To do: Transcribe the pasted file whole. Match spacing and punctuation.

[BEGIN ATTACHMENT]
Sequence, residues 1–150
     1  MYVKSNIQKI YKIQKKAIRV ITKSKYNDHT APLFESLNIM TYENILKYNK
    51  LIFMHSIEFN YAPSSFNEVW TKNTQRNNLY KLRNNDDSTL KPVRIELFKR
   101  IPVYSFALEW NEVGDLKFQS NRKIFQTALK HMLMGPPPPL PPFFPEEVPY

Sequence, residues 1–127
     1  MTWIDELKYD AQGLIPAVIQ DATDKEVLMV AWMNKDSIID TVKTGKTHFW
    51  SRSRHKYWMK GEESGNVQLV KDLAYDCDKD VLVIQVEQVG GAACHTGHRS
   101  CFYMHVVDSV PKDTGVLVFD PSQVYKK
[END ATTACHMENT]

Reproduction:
Sequence, residues 1–150
     1  MYVKSNIQKI YKIQKKAIRV ITKSKYNDHT APLFESLNIM TYENILKYNK
    51  LIFMHSIEFN YAPSSFNEVW TKNTQRNNLY KLRNNDDSTL KPVRIELFKR
   101  IPVYSFALEW NEVGDLKFQS NRKIFQTALK HMLMGPPPPL PPFFPEEVPY

Sequence, residues 1–127
     1  MTWIDELKYD AQGLIPAVIQ DATDKEVLMV AWMNKDSIID TVKTGKTHFW
    51  SRSRHKYWMK GEESGNVQLV KDLAYDCDKD VLVIQVEQVG GAACHTGHRS
   101  CFYMHVVDSV PKDTGVLVFD PSQVYKK